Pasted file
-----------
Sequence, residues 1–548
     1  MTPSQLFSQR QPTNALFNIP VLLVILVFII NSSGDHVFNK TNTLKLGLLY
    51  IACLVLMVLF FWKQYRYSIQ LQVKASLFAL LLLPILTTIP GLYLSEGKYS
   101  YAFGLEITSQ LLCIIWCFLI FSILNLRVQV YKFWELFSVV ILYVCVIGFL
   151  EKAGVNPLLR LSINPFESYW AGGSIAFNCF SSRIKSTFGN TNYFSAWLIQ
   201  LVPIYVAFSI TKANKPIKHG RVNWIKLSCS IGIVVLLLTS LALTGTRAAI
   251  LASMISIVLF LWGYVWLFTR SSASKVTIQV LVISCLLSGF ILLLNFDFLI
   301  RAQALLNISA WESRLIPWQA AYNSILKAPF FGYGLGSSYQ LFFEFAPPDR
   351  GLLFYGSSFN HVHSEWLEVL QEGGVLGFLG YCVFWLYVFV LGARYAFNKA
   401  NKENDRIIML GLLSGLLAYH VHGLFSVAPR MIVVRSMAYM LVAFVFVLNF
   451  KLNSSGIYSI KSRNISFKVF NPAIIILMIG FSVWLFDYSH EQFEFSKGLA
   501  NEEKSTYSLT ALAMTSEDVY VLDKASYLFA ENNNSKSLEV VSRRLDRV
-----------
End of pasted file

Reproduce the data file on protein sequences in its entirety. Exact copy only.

Sequence, residues 1–548
     1  MTPSQLFSQR QPTNALFNIP VLLVILVFII NSSGDHVFNK TNTLKLGLLY
    51  IACLVLMVLF FWKQYRYSIQ LQVKASLFAL LLLPILTTIP GLYLSEGKYS
   101  YAFGLEITSQ LLCIIWCFLI FSILNLRVQV YKFWELFSVV ILYVCVIGFL
   151  EKAGVNPLLR LSINPFESYW AGGSIAFNCF SSRIKSTFGN TNYFSAWLIQ
   201  LVPIYVAFSI TKANKPIKHG RVNWIKLSCS IGIVVLLLTS LALTGTRAAI
   251  LASMISIVLF LWGYVWLFTR SSASKVTIQV LVISCLLSGF ILLLNFDFLI
   301  RAQALLNISA WESRLIPWQA AYNSILKAPF FGYGLGSSYQ LFFEFAPPDR
   351  GLLFYGSSFN HVHSEWLEVL QEGGVLGFLG YCVFWLYVFV LGARYAFNKA
   401  NKENDRIIML GLLSGLLAYH VHGLFSVAPR MIVVRSMAYM LVAFVFVLNF
   451  KLNSSGIYSI KSRNISFKVF NPAIIILMIG FSVWLFDYSH EQFEFSKGLA
   501  NEEKSTYSLT ALAMTSEDVY VLDKASYLFA ENNNSKSLEV VSRRLDRV